Yes...I did spend the weekend reading. Just finished with Tokyo: A Certain Style by Kyoichi Tsuzuki. In the mid-90s, Tsuzuki spent a couple of years putting together a photo book of low end Tokyo homes: students, artists, musicians and people who need a place to crash from time to time. The result: an inside look into the *real* urban Japan...that of the masses who are not professionals and who do not need material possessions to rule their lives.
It reminded me of my college and just-after-college days, when magazines, books, and music were my major possessions. Furniture and kitchen/laundry appliances were not needed; or if owned, were secondhand. My fraternity had dozens of rooms...some singles, and doubles and a handful of larger group rooms (the Penthouse and Cook's Room). Creativity and sweat equity were constants during each semester's shift in rooms: painting, ripping up/replacing carpets, constructing/deconstructing wet-bars, hanging tapestries. Hours and hours were spent fixing up my room to be just *right*.
In my first move to DC after college, my possessions equaled one carload. Two months later, en route to my new home of Boston, my material wealth had evolved to two carloads. In DC, I slept on the mattress removed from a foldout couch. In Boston, I slept on the floor for a few weeks and then on a doubled-over waffle mattress cover. That soon turned into a futon and then a real-life double mattress. By age 25, I came of age upon purchase of a real-life wooden bed frame.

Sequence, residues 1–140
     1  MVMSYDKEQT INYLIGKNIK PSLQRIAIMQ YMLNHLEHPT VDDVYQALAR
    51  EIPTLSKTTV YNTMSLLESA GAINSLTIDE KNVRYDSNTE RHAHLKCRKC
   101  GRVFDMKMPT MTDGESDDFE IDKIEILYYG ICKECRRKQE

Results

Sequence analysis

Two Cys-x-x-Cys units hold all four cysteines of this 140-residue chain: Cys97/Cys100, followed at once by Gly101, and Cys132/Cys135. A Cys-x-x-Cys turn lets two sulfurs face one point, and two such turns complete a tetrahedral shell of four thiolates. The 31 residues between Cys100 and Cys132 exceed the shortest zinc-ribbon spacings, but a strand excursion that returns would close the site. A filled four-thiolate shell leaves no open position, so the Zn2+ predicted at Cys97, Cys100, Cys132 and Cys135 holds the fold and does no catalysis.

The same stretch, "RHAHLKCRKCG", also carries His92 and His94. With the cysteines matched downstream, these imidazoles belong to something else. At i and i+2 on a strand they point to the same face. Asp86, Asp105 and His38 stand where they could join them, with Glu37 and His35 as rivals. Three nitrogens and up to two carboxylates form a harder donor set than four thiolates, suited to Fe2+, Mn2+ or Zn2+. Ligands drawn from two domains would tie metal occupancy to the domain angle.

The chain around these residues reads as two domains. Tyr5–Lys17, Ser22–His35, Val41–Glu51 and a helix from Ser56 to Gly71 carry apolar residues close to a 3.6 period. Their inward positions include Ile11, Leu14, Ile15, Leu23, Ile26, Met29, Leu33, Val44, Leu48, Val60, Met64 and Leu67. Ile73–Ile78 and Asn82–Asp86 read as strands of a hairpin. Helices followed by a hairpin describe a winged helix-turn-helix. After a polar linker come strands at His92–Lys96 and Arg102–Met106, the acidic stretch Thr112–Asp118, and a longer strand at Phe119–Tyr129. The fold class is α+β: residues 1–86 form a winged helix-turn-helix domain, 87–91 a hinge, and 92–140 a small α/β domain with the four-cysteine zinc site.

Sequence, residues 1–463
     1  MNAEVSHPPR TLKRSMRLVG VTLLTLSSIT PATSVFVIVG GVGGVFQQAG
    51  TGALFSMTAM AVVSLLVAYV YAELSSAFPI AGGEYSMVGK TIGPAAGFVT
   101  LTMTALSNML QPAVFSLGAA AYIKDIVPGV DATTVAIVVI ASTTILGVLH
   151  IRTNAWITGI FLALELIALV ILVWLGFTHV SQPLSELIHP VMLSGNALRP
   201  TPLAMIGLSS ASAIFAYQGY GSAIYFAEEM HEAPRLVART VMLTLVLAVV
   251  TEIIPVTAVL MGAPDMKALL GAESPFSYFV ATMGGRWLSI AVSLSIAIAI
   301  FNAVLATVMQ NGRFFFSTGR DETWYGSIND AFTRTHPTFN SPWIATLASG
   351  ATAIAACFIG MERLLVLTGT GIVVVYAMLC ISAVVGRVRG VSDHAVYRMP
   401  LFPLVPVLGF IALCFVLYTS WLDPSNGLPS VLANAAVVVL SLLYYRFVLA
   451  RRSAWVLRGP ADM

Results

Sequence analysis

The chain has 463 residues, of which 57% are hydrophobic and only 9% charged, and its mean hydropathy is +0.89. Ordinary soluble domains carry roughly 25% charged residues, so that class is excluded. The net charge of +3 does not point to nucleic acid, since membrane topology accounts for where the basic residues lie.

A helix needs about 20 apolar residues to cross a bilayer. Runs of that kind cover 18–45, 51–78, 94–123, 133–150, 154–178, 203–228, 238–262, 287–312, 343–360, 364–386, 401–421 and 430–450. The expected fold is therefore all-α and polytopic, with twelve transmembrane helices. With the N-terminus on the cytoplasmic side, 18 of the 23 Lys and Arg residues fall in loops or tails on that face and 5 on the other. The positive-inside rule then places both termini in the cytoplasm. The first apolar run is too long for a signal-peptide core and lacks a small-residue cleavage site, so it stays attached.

In 2001, my move across the country forced me to rent a 17' truck to transport my *wealth*: living room/dining room/bedroom furniture, pots/pans, books, shelves, artwork, kitchen items, stereo/TVs/DVDs, sporting gear and lots and lots of clothes and shoes. I quickly moved to a flat in the city with enough closet and storage space to easily (and cleanly) store everything. Three point five years later, I have downsized to renting a room in a house, with several of my possessions either on loan to friends (thanks for helping out!), stored in boxes in the garage, or hastily stowed away (shoved) in the closet or under my bed.
The next move will again require me to rethink what I want and what I don't want. My gut tells me: those who have taken in my goods will end up inheriting what they are sheltering. What I have learned is that I can easily get by in life with much less than I thought I needed years ago. As long as I have some space to sprawl out on the floor, room to entertain a handful of friends, and quick access to what is important to me then life is good.